The implications of the Hispanic decline are broad. With the white population shrinking, Hispanics account for the majority of the population gains in the United States. And while their fertility rates are still the highest for any major racial and ethnic group, the steep drops in recent years are having an effect.

The United States population grew by just 0.6 percent last year, the smallest increase in 80 years, according to Ken Johnson, a demographer at the University of New Hampshire. He noted that, at current rates, young Hispanic women will have an average of two children, down from three just a decade ago.

The largest decline in Hispanic fertility rates has been among women of Mexican heritage, Guzman said. That is significant for the nation’s fertility patterns because of the sheer size of the Mexican origin population, which accounts for nearly two-thirds of all Hispanics and around 11 percent of the U.S. population, according to the Pew Research Center.

Photo of Franklinton, N.C., resident Maya Ramirez

Mayra Ramirez at home in Franklinton, N.C., March 3, 2019. “One thing my parents instilled in me was to get an education, don’t get married and have kids right away,” Ramirez said. (Phyllis B. Dooney/The New York Times)

Spending More Time With Children Who Were Not Hispanic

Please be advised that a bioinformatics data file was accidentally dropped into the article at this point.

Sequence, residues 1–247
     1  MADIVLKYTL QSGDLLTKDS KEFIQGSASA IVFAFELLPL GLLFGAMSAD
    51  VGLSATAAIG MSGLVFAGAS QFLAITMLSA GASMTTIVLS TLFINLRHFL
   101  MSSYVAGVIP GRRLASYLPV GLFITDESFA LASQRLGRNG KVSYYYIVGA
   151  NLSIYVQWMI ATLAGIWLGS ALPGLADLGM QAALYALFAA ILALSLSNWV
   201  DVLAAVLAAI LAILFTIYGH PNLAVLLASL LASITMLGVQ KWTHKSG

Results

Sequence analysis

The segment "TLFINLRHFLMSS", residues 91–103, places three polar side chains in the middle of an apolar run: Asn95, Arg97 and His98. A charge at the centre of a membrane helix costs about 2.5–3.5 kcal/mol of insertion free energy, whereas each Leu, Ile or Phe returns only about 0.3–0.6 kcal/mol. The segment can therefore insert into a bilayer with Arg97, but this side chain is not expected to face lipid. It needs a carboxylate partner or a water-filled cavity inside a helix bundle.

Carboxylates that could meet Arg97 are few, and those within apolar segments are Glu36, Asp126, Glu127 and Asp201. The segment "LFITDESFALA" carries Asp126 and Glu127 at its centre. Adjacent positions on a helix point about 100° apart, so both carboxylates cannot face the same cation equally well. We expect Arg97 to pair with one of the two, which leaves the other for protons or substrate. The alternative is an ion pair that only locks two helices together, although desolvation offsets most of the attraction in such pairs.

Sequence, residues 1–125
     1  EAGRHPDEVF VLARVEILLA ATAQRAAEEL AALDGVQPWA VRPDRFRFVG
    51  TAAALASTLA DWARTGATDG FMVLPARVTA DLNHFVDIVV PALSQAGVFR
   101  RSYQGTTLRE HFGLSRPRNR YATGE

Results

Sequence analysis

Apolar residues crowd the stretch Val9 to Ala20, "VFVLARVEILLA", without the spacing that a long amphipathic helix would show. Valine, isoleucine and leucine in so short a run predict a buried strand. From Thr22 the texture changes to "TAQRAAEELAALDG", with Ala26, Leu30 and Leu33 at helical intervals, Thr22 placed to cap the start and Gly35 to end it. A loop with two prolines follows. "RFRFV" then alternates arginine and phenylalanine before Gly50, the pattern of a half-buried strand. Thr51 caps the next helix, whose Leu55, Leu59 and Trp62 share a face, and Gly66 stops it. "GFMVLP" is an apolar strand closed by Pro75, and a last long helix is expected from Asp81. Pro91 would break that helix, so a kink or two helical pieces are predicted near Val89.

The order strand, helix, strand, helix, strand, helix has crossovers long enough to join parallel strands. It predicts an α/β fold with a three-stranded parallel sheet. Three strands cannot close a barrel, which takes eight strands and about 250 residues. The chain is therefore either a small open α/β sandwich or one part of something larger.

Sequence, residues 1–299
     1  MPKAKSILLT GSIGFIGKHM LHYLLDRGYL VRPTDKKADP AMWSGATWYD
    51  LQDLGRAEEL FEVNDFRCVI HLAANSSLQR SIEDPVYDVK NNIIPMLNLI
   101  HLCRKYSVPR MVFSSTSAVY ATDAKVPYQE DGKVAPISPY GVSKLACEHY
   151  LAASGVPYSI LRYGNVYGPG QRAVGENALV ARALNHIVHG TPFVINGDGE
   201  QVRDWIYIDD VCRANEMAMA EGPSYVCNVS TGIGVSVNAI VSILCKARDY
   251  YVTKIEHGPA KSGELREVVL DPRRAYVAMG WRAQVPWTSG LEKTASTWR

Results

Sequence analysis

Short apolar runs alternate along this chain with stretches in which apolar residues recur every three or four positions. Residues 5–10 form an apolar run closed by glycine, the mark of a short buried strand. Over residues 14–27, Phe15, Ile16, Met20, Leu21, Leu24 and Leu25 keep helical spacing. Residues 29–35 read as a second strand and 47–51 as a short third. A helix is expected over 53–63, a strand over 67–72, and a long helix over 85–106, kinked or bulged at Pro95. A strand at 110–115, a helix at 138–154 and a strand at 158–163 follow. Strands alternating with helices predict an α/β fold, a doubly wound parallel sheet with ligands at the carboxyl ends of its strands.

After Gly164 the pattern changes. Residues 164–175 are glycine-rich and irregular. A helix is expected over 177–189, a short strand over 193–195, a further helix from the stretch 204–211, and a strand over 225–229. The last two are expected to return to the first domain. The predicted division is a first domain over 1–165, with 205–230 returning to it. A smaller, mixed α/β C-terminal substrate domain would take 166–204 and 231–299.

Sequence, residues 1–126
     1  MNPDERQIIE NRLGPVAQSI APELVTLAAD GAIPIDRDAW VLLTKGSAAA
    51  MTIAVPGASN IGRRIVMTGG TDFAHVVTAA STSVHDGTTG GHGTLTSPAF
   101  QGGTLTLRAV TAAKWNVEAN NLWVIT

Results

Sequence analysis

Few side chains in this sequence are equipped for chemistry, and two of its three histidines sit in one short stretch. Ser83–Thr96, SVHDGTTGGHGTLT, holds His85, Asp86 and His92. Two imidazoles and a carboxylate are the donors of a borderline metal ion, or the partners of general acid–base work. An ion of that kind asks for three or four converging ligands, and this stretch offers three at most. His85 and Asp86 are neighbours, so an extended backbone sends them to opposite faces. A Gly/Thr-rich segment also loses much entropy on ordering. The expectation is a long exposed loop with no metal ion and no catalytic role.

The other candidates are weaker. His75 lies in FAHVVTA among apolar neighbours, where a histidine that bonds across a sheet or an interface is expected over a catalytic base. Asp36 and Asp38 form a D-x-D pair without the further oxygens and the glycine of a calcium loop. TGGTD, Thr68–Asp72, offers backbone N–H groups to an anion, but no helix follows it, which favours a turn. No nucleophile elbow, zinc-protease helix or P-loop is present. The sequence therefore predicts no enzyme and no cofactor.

Wences’ parents, who came to the United States permanently in the mid-1990s, met on a tobacco farm and settled in a rural patch of Wake County, which contains Raleigh and its suburbs. Soon after, when her father was 21 and her mother was 23, Wences was born.

There weren’t many Hispanic families in the area at the time. Wences recalled spending more time with children who were not Hispanic and discovering differences. Their parents were much older than her parents. They worked at desks, not outside.

“I remember mentioning my mom had my sister when she was 15 and I kind of got the side eye,” she said.

Wences once bragged to a friend, as they walked on school grounds just before a snowstorm, that her father was the one who sprinkled the salt crunching under their feet. Her father, Enrique, later told her not to talk about his work.

“He said, ‘You don’t want to be like me, mija,’” she recalled, using a Spanish abbreviation for “my daughter.” “I want you to go to school. I want you to do better than me.”

Enrique Wences, 43, said he was self-conscious that he did not finish high school.

It was a regret that would power him through seven-day workweeks for 25 years so that his daughters could get an education.

One of the happiest moments of his life was when Yoselin called him from her car in the parking lot of Wake Technical Community College, where she was studying for an associate degree, to tell him that N.C. State had accepted her transfer application.

The Fertility Rate for Hispanic Women Dropped by About 47 Percent

Wences said that if she got pregnant now, she would probably have to drop out of college.

“I’d feel embarrassed that the sacrifices that my dad made up to this point would be going down the drain,” she said.